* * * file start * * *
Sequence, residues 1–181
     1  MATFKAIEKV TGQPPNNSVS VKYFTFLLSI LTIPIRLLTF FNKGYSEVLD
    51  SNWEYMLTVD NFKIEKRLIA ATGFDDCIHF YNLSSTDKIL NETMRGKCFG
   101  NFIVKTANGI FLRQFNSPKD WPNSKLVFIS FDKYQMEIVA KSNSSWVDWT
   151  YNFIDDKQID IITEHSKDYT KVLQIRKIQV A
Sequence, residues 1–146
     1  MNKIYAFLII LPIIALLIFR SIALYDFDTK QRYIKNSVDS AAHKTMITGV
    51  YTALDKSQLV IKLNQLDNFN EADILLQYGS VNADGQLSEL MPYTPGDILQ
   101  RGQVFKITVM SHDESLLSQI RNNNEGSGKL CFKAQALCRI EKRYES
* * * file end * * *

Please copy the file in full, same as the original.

Sequence, residues 1–181
     1  MATFKAIEKV TGQPPNNSVS VKYFTFLLSI LTIPIRLLTF FNKGYSEVLD
    51  SNWEYMLTVD NFKIEKRLIA ATGFDDCIHF YNLSSTDKIL NETMRGKCFG
   101  NFIVKTANGI FLRQFNSPKD WPNSKLVFIS FDKYQMEIVA KSNSSWVDWT
   151  YNFIDDKQID IITEHSKDYT KVLQIRKIQV A
Sequence, residues 1–146
     1  MNKIYAFLII LPIIALLIFR SIALYDFDTK QRYIKNSVDS AAHKTMITGV
    51  YTALDKSQLV IKLNQLDNFN EADILLQYGS VNADGQLSEL MPYTPGDILQ
   101  RGQVFKITVM SHDESLLSQI RNNNEGSGKL CFKAQALCRI EKRYES